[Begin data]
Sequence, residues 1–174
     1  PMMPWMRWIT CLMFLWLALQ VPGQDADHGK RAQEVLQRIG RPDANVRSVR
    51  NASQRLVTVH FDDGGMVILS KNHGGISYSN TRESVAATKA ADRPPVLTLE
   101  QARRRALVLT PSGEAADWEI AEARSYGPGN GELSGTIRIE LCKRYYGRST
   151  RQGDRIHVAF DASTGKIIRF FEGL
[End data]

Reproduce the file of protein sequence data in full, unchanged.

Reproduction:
Sequence, residues 1–174
     1  PMMPWMRWIT CLMFLWLALQ VPGQDADHGK RAQEVLQRIG RPDANVRSVR
    51  NASQRLVTVH FDDGGMVILS KNHGGISYSN TRESVAATKA ADRPPVLTLE
   101  QARRRALVLT PSGEAADWEI AEARSYGPGN GELSGTIRIE LCKRYYGRST
   151  RQGDRIHVAF DASTGKIIRF FEGL